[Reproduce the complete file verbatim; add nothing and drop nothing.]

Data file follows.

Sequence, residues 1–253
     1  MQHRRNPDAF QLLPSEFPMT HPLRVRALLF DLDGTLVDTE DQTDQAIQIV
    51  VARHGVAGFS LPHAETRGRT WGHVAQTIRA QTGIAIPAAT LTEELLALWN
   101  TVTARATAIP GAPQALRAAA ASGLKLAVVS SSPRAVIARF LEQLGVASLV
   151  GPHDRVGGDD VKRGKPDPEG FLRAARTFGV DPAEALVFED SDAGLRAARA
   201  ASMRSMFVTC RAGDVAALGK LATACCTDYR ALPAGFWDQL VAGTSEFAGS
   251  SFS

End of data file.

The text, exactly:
Sequence, residues 1–253
     1  MQHRRNPDAF QLLPSEFPMT HPLRVRALLF DLDGTLVDTE DQTDQAIQIV
    51  VARHGVAGFS LPHAETRGRT WGHVAQTIRA QTGIAIPAAT LTEELLALWN
   101  TVTARATAIP GAPQALRAAA ASGLKLAVVS SSPRAVIARF LEQLGVASLV
   151  GPHDRVGGDD VKRGKPDPEG FLRAARTFGV DPAEALVFED SDAGLRAARA
   201  ASMRSMFVTC RAGDVAALGK LATACCTDYR ALPAGFWDQL VAGTSEFAGS
   251  SFS